Gigabit Wi-Fi Enables Digital Learning

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Paperless classrooms were once more of a dream than a reality. Not anymore. Just listen to how pervasive, reliable and secure Wi-Fi is transforming education at Woodland Joint Unified School District in Woodland, California.

"Five years ago I started attending conferences on technology and was frustrated to see all the things I could accomplish, but was unable to," says Jerry Delsol, a high school science teacher with over 30 years of teaching experience.

"Now," he continues, "our district has a robust and reliable wireless network. This has revolutionized my classroom by allowing me to build the digital ecosystem that I've envisioned. All of my students are able to participate wirelessly with our district-issued devices as well as their own smartphones, tablets and laptops."

To illustrate the impact of wireless, Delsol goes on to relate a recent exchange as he handed out a rare paper assignment:

"What's this?" asked a student.

"It's your assignment," replied Delsol.

"But, it's paper – we haven't used that for six months!" exclaimed the student.

According to Woodland Network Engineer Todd Freer, it's a similar story across the district due to a recent wireless capacity upgrade that includes the introduction of Aruba Networks 802.11ac-compliant access points, commonly known as Gigabit Wi-Fi.

"Among other things, the upgrade enabled our middle school and high school to start offering a BYOD program this year," says Freer. "As funds are available, we'll continue moving toward district-issued 1:1 at higher grade levels and 2:1 in the elementary schools."

Regardless of classroom devices, Woodland is also benefitting from the added network management granularity available in the Aruba Mobility-Defined Networks architecture. "It allows us to set up policies that give priority to educational applications, like online tests, but restrict other applications, like YouTube videos, or limit activities, such as automatic updates for student tablets," says Freer.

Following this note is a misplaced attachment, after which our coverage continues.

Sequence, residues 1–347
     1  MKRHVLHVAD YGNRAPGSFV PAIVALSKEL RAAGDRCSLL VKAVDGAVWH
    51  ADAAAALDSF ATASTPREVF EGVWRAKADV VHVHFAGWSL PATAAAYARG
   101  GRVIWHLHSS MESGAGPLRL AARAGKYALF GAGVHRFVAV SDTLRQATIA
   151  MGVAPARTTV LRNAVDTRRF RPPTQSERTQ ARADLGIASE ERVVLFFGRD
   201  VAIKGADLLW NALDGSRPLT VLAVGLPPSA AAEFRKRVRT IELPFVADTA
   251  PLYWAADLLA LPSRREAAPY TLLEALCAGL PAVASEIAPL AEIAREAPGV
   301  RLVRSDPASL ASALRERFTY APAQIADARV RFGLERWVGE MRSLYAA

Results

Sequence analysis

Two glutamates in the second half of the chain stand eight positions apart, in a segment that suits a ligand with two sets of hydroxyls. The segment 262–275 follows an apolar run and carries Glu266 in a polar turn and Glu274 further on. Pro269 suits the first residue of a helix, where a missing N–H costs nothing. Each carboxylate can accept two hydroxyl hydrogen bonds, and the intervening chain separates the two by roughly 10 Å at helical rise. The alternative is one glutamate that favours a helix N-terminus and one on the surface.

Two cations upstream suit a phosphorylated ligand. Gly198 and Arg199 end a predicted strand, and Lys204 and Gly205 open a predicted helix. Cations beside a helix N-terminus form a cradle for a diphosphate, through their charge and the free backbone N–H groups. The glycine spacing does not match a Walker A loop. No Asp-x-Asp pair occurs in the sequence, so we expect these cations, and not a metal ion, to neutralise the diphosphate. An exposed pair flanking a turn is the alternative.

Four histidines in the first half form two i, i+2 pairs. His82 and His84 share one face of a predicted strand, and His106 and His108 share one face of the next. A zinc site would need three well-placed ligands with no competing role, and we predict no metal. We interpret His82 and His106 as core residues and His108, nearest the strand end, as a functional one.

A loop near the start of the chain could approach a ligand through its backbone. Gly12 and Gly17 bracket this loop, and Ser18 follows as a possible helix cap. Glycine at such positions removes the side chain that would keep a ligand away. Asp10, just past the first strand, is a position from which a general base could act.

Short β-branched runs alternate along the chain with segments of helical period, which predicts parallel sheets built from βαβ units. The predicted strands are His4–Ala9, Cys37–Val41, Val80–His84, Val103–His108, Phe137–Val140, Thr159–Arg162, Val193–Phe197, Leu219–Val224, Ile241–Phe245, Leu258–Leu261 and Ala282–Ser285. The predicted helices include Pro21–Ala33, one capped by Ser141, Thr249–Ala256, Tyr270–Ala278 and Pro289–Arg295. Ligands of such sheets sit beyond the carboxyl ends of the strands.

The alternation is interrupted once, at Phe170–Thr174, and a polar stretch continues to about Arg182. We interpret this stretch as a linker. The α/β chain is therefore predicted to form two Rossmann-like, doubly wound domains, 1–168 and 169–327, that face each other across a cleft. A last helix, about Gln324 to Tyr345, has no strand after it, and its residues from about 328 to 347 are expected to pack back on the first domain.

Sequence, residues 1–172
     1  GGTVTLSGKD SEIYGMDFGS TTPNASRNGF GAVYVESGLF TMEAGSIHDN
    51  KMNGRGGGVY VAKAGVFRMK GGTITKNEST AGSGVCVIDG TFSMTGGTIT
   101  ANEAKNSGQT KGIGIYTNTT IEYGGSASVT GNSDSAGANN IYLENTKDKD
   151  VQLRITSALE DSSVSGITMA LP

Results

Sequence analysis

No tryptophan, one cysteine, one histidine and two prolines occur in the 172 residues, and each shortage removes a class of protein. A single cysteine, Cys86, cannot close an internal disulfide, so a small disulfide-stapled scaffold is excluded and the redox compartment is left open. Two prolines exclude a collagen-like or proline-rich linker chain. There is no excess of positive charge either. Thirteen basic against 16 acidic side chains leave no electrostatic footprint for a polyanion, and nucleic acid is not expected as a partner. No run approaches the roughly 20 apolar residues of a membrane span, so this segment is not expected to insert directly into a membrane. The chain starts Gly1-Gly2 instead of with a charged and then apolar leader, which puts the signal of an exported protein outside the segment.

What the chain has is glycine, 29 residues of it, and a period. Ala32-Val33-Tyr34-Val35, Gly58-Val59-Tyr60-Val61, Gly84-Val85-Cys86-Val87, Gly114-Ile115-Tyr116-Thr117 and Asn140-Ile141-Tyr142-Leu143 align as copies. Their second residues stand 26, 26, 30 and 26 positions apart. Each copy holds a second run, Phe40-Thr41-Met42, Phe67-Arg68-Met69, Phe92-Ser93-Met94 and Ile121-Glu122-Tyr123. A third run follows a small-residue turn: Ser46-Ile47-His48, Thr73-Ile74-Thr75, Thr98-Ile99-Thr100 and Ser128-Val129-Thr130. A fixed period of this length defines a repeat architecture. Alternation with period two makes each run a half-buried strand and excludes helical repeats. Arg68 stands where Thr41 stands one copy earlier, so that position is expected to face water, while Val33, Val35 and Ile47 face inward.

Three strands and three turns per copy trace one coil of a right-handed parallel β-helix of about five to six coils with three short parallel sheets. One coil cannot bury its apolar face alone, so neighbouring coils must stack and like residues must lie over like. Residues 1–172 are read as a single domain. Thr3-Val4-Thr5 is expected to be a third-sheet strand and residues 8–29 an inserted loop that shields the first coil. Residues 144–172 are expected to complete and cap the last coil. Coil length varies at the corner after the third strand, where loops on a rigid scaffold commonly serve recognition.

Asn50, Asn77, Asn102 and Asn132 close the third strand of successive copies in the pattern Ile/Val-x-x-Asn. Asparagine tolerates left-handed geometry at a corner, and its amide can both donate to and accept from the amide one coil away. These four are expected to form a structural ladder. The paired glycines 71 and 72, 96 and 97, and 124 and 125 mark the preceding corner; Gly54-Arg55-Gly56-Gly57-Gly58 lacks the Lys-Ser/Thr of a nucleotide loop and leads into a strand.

When Aruba's new Next-Generation Mobility Firewall became available last month, Freer didn't waste any time putting it to work. "I've been excited about the update since it was announced," he says. "I downloaded the software, then rebooted and updated our existing mobility controller. The entire process took only about 15 minutes."

With the Smarter Balanced Assessment Consortium online testing for the Common Core coming up, the timing for the new Aruba capabilities was outstanding, Freer adds. "For example, having the historical feature in the new Aruba AppRF gives us visibility into what applications are used on our network," he says. "This will help us identify trends and set policies. We love it."

Woodland also appreciates the floor plan feature in Aruba's AirWave. "It's very helpful to see the AP strength and which clients are connected to which APs," says Freer. "For this spring's Common Core pilot assessments, I printed out the maps for each school principal to help them visualize where signals are the strongest. With this information, principals can determine optimal testing locations and position testing devices for maximum bandwidth."

Overall, Aruba's solutions assist Woodland with improving learning opportunities by enabling the district to pursue a hybrid device model. "We're planning to maintain a hybrid device environment because no one type of device is best suited for everything," he says. "iPads are great for multi-media. Other operating systems are better for Google Docs. So, we're also evaluating Chromebooks."

"Besides," Freer continues, "the real world operates on a hybrid model, so it's important for our students to become proficient with a variety of devices and applications. That's why it's critical for our district to have a wireless network we can optimize to give everyone. No matter what device or app they're using, they'll have an outstanding Wi-Fi experience."

To learn more about Aruba's K-12 solutions, visit